Effective and purposeful engagement with Iwi is imperative to the success of many projects and partnerships throughout Aotearoa, New Zealand. TRC Senior Consultant, Kylie Ruwhiu-Karawana is often asked to assist clients with building mutually beneficial relationships with Iwi.

Kylie is speaking on the Power of Purposeful Engagement with Iwi at the Ngā Haerenga New Zealand Cycle Trails Forum in Wellington this month. During her three decades of work in the tourism industry, many of which have been working with Māori to embrace tourism as an economic enabler, Kylie has identified three steps in the engagement process that can help significantly.

  1. It’s all about the timing

Effective engagement can only be achieved if it is done in a timely fashion. If you are working on a trails concept, or a destination plan or even looking to further develop a region’s unique selling point. Timely engagement with iwi in the region can help to lay the foundations for success. This engagement needs to happen in the formation stages of the project itself. Coming to iwi halfway through the project does not allow for co-partnership principles to be developed and modelled throughout. Discussing a finished project with iwi and talking about how they can add value to what has already been developed, will not deliver the positive results sought. This can, in fact, have the opposite effect and lead to distrust and negative impacts on relationships within the region.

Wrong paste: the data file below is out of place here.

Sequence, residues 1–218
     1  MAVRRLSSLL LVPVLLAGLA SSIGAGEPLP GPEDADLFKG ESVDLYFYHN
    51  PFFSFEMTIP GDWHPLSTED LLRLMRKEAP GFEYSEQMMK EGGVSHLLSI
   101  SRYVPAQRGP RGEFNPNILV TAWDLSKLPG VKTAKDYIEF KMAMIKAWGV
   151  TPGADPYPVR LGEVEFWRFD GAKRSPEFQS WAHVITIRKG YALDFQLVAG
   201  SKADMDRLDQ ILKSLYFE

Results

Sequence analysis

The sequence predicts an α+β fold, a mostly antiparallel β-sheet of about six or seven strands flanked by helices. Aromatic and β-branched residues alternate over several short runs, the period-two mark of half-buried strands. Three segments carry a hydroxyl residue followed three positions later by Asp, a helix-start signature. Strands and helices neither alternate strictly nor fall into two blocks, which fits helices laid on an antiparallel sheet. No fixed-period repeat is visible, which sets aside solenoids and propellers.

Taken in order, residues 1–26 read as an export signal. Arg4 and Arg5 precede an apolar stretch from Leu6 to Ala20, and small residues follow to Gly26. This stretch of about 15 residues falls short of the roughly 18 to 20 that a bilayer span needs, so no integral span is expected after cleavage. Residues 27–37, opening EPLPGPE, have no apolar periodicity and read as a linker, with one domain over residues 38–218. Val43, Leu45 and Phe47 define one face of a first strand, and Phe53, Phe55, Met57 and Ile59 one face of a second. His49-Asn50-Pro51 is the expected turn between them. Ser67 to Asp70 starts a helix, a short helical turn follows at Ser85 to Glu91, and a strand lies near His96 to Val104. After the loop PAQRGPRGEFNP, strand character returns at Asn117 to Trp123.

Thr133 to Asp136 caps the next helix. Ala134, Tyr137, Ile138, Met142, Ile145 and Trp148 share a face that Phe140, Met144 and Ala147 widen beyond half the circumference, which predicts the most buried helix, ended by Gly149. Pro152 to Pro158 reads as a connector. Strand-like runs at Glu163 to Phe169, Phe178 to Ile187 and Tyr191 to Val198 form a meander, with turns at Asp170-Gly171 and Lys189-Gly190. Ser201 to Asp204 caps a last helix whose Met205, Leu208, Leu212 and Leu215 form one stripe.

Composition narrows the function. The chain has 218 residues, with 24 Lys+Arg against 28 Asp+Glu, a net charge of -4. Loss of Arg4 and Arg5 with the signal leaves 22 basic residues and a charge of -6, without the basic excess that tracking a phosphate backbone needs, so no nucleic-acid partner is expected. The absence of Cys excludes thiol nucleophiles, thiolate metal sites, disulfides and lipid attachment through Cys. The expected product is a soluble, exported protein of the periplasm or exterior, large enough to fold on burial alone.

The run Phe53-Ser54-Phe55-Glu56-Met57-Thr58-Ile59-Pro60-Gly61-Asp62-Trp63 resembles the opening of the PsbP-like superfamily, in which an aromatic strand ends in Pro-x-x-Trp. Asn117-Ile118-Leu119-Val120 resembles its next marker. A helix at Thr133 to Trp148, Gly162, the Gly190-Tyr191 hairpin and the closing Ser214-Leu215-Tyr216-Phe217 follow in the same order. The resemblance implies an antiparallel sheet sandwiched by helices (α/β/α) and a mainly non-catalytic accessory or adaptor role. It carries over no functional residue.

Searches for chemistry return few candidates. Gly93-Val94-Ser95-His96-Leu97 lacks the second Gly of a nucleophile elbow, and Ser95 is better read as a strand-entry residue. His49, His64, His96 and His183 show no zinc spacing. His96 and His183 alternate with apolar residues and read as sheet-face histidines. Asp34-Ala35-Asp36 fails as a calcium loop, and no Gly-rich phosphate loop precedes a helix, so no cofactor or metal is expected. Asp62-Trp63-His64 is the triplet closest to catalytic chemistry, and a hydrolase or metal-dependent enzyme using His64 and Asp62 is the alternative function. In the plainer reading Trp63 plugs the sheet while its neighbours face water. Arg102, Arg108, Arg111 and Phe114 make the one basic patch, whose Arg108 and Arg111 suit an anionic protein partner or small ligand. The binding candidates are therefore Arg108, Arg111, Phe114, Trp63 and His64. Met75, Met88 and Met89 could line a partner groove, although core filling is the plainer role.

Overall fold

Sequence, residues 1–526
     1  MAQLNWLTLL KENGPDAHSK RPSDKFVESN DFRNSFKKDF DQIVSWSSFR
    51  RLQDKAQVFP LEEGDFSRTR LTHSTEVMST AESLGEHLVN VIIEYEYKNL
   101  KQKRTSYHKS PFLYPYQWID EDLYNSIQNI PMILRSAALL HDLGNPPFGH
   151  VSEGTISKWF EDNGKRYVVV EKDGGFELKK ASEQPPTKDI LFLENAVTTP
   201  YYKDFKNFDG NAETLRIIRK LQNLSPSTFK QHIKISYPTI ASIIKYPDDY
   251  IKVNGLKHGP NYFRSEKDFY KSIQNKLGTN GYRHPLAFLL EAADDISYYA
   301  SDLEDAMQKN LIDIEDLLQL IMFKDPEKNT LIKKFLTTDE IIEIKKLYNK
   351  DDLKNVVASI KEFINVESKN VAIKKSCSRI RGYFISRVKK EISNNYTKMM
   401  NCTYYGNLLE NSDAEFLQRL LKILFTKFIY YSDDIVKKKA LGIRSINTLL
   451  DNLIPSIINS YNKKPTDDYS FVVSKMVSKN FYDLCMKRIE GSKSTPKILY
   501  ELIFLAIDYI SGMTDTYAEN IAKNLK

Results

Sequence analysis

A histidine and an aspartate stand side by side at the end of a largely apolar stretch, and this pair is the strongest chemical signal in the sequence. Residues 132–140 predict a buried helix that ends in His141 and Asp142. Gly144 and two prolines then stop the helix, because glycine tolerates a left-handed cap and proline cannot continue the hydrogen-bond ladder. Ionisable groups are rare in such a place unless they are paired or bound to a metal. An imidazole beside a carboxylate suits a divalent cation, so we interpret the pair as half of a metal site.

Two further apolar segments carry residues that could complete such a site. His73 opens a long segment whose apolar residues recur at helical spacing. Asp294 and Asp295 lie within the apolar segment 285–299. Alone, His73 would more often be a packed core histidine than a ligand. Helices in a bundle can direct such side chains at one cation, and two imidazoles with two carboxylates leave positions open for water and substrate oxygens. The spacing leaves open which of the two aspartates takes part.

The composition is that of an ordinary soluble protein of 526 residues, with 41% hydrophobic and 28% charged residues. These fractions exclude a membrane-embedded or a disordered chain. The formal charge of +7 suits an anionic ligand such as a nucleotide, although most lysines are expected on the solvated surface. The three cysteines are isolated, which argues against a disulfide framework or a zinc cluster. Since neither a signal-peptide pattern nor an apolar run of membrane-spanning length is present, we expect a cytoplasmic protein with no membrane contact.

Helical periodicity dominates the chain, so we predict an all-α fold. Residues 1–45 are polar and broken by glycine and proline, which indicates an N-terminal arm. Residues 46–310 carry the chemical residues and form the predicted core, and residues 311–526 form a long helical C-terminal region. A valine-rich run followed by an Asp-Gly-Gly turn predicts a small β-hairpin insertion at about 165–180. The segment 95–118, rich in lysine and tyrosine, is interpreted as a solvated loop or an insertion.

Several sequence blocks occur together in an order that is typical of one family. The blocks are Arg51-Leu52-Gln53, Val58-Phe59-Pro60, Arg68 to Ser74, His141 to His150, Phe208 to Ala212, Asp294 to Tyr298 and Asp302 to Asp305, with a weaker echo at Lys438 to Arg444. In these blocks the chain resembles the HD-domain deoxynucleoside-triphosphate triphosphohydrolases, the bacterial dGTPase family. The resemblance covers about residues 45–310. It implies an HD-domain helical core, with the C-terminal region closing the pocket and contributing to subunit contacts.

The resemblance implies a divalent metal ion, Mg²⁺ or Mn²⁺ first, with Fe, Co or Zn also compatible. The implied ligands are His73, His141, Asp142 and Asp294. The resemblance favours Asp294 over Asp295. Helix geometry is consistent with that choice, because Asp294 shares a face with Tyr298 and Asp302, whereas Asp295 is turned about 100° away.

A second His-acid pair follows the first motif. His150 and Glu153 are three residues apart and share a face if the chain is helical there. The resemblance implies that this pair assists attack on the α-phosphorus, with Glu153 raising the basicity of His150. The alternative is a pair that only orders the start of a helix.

1. Multiple pōtae worn

Many individuals who work within iwi organisations, wear many hats. Which can mean that their ability to provide the attention and focus to a project may be impacted by other needs of their community. It is not that they believe what you are doing is not important. It is simply that when time is limited, projects and focus must be prioritised, and at times, the immediate social needs of their people will definitely outweigh anything else. It is important to recognise that this can happen, and engage early. Identify elements of the project or meetings that are critical to assist with planning, and keeping the project on track.

  1. Mana to Mana

Ensuring that engagement is at the same level of influence is also a step toward purposeful engagement with iwi. For Māori, this means that the discussions are held at a mana-to-mana level. If you want to speak to an individual who can make decisions within an iwi organisation, making that connection through someone who has a similar level of influence will ensure that progress can be made in a timely fashion.

As we look to the future, the economic potential of purposeful engagement with Māori is undeniable. Tourism, cultural exchange programs, and partnerships in various sectors can drive economic growth and create opportunities for all communities. The global fascination with our indigenous culture here in Aotearoa presents an exciting avenue for economic development that honours and respects the authenticity of Māori traditions.

Effective engagement with Iwi, Traditional Owners or any indigenous community can lead to enduring partnerships that can provide cultural, social, environmental, and economic benefits. The TRC team have a significant level of expertise and experience in working with indigenous communities around the world and we pride ourselves on building enduring relationships and partnerships in the communities we work in, that will last long after the project comes to an end.